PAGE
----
In contrast to the students of physics, students of ecology are not taught that their science offers an unequivocal set of laws that should be used to explain and predict ecological phenomena. However, a number of ecologists and a few philosophers of science have argued that ecology has laws (Colyvan and Ginzburg 2003b, Ginzburg and Colyvan 2004; Weber 1999; Turchin 2001; Berryman 2003; Mikkelson 2003; Lange 2005; West and Brown 2004; Cooper 2003; Linquist et al. 2016), and some have even argued that it is analogous to physics (Colyvan and Ginzburg 2010). Even if successful, the case for laws of ecology requires an explication of their role in explanations and a clarification of their explanatory weight relative to that of mechanisms, which are often invoked alongside laws, yet these issues have not been examined sufficiently. This article contributes to remedying this deficiency.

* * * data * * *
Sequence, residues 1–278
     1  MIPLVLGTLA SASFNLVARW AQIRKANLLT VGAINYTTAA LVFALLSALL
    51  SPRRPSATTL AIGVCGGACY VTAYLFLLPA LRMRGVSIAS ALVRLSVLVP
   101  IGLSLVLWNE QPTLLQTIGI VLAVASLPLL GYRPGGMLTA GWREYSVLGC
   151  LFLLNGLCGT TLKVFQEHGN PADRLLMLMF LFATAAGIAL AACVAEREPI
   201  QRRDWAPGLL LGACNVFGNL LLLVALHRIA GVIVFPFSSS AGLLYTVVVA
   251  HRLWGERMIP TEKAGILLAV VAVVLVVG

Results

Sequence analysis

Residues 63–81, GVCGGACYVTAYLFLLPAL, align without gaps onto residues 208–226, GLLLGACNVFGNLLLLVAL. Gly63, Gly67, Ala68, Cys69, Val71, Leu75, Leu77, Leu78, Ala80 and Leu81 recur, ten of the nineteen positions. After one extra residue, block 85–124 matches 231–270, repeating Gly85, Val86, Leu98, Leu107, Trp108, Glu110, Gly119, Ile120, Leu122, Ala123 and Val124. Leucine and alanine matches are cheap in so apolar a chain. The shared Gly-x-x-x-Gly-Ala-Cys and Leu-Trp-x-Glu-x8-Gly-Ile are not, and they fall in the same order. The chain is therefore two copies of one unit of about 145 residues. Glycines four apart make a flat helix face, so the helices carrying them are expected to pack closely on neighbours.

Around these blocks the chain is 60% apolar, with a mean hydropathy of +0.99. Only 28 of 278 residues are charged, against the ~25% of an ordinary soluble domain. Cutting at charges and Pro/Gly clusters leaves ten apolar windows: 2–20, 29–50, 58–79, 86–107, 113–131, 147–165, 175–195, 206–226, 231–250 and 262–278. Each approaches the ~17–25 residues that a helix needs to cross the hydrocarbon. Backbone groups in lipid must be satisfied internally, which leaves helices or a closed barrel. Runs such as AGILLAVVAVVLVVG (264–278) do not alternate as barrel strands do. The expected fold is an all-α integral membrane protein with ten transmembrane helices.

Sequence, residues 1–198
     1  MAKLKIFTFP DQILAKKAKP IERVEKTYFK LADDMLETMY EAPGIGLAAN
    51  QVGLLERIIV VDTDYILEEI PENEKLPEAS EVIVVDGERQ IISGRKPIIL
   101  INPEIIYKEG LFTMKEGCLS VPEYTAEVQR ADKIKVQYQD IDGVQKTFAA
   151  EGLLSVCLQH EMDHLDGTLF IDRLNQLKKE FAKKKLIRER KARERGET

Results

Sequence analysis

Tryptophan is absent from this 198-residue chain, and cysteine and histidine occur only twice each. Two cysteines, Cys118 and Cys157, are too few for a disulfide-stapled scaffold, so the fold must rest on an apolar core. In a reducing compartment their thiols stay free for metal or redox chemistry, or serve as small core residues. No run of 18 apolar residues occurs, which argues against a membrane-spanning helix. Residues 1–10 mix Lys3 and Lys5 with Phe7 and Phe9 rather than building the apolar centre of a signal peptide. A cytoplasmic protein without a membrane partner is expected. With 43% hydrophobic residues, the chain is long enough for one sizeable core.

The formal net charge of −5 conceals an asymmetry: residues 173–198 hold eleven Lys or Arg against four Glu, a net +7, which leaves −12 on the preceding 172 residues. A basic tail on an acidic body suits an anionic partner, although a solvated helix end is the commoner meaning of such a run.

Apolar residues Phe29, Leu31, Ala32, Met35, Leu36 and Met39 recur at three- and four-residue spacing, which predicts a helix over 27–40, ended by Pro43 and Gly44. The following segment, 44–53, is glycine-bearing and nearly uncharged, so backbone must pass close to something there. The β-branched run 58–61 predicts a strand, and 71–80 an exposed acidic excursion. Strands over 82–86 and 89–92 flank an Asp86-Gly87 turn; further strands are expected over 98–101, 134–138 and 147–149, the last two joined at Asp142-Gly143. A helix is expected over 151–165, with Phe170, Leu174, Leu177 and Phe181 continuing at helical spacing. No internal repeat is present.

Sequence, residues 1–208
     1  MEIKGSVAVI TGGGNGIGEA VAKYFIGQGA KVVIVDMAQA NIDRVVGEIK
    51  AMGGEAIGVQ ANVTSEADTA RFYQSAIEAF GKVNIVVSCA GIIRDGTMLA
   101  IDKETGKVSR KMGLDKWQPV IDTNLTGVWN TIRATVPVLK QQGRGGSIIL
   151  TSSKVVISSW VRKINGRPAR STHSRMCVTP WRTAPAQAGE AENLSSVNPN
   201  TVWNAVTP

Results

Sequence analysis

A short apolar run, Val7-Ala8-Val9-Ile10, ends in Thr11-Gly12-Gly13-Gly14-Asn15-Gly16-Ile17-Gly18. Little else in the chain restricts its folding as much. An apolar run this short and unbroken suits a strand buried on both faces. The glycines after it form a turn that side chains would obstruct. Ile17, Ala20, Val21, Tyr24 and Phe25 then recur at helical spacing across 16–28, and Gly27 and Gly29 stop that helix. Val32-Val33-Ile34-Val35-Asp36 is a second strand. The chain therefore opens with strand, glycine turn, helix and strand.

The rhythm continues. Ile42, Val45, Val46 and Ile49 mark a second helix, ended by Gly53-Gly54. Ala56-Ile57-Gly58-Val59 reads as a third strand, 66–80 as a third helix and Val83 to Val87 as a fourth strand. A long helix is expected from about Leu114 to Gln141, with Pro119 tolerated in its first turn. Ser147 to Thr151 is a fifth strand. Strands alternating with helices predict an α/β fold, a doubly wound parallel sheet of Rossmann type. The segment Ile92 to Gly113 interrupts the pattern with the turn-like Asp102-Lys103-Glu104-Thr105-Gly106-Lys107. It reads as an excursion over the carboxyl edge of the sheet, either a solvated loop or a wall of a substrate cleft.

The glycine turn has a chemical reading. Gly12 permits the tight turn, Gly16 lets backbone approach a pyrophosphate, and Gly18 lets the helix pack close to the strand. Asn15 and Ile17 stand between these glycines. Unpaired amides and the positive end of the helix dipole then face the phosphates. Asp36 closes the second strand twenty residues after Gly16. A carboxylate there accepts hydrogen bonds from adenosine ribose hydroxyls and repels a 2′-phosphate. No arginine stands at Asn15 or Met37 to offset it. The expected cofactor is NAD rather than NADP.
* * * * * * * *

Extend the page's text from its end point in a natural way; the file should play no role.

Some friends of laws of ecology maintain that we should not understand the laws of ecology as like the laws of physics. Rather, they should be understood based on the explanatory and predictive practice of ecology, which shows that lawfulness is a matter of degree and of invariance over a range of possibilities (Cooper 2003, 113–114). Lange (2005) argues that ecological laws are autonomous from microphysical states, which prevents ecological explanations from being reduced to explanations of physics. Others insist that to recognize laws of ecology, we need to clear up some misconceptions about the laws of physics: they are not exceptionless, do not make precise predictions, and cannot be mere regularities. Freed from these misconceptions, we can see that ecology is analogous to physics and has laws similar to it (Colyvan and Ginzburg 2010). These arguments and ecologists’ contributions have led to several inventories of laws of ecology, yet there is no consensus list of laws, but rather multiple and partially overlapping proposals, as follows.